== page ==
A History Of ... Early Thrash Metal
Originally posted April 11, 2018
The 'A History Of ...' series provides a written and musical journey through many of the sub-genres of heavy metal. This time we tackle ... early thrash metal!
What is early thrash metal?
An offshoot of speed and black metal, mixed with hardcore punk lyricism, attitude and aggression.
In the late seventies and early eighties, heavy metal bands started experimenting with faster speeds in their songs. Young bands decided that faster was better and started to make albums taking traditional heavy metal and kicking up the velocity from start to finish. Hence, speed metal was born, with its first release in 1981 (refer previous 'A History Of ... Speed Metal'). Later that same year, black metal was born.
A few shorts years later, other youthful bands took speed/black metal and married it with their love of hardcore punk to create a hybrid ... thrash metal. Thrash fans also lifted hardcore punk culture, including moshing and stage diving, as well as the DIY ethic of creating fanzines.
What are the songs that kick-started thrash metal (ie. proto songs)?
'Overkill' by MOTORHEAD - Overkill (March, 1979)
The song (and album) that influenced almost all extreme forms of heavy metal.
'Ace Of Spades' by MOTORHEAD - Ace Of Spades (November, 1980)
THE proto-thrash song.
'Black Metal' by VENOM - Black Metal (November, 1982)
The English trio influenced the rougher-edged thrash bands (we're looking at you Germany!).
'Heavy Metal Maniac' by EXCITER - Heavy Metal Maniac (June, 1983)
Thrash was partially birthed from speed metal, so some accolades need to go to the godfathers of speed ...
Early thrash metal album history:
Obviously not a complete list, rather this is a catalog of important/high quality full length releases from the early era (1983 through 1988).
July, 1983: METALLICA - Kill 'Em All
The first thrash metal album ever. Nuff said.
July, 1984: METALLICA - Ride The Lightning
The band's best album to these ears. (The subsequent Master Of Puppets being an inferior, but still strong, carbon copy of Ride.)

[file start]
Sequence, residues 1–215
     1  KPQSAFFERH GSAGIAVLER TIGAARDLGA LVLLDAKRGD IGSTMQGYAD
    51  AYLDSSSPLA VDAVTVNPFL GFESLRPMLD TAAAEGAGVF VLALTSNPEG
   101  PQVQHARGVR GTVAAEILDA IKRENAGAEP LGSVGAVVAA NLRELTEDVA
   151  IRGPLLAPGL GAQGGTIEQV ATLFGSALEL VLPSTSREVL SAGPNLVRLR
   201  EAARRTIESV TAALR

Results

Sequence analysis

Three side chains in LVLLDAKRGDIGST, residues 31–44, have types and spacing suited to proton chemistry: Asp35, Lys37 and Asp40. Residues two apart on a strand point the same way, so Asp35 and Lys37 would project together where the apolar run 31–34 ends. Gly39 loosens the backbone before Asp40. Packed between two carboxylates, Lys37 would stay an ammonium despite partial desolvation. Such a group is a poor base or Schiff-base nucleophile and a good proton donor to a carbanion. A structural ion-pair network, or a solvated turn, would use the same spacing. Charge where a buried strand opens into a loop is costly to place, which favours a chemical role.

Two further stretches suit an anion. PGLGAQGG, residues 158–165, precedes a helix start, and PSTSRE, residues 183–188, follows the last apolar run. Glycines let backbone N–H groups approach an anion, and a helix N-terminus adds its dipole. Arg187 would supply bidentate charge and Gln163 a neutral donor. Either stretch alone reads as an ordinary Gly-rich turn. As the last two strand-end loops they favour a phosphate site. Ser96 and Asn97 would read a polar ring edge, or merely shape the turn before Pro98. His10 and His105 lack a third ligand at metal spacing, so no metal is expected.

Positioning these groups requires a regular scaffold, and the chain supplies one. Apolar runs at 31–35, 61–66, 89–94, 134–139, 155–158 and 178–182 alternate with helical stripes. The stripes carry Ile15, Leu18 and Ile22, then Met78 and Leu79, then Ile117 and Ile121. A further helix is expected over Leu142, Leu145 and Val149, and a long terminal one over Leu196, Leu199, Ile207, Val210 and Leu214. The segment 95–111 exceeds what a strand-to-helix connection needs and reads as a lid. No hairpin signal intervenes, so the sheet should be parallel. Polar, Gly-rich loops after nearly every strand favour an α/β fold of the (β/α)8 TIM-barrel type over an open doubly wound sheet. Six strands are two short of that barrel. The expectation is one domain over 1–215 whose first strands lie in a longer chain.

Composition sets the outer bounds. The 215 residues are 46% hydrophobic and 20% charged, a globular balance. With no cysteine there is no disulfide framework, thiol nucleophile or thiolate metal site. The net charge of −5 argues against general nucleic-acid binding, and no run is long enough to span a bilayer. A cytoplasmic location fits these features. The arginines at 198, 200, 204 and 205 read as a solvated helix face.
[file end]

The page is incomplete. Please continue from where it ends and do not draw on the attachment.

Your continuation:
February, 1985: ONSLAUGHT - Power From Hell
Punked up and doomed at the same time, this still packs a wallop today. Favorite - 'Thermonuclear Devastation' ... wow!
March, 1985: SLAYER - Hell Awaits
Graduating from their speed metal beginnings, Slayer issue this complex, intense platter sounding the alarm that they too will hereafter be known as a thrash band.
April, 1985: RAZOR - Evil Invaders
Vicious, but catchy, with a totally unique sounding vocalist.
April, 1985: EXODUS - Bonded By Blood
Unquestionably Exodus' finest hour (well, forty minutes anyway).
May, 1985: DESTRUCTION - Infernal Overkill
Complex guitar work and insane intensity immediately set Destruction apart from their peers on this full-length debut.
August, 1985: ARTILLERY - Fear Of Tomorrow
Unique for its early inclusion of heavy-as-lead doom passages, this is another underrated gem.
October, 1985: ANTHRAX - Spreading The Disease
One of the first to use a traditional metal singer.
February, 1986: WHIPLASH - Power & Pain
Excellent guitar work and caustic vocals were Whiplash's calling card.
July 1986: DESTRUCTION - Eternal Devastation
More complex circuitry from the Germans.
July, 1986: MEGADETH - Peace Sells, But Who's Buying?
The commercial breakthrough for one of the Big Four of thrash.
October, 1986: SLAYER - Reign In Blood
The undisputed heavyweight champion.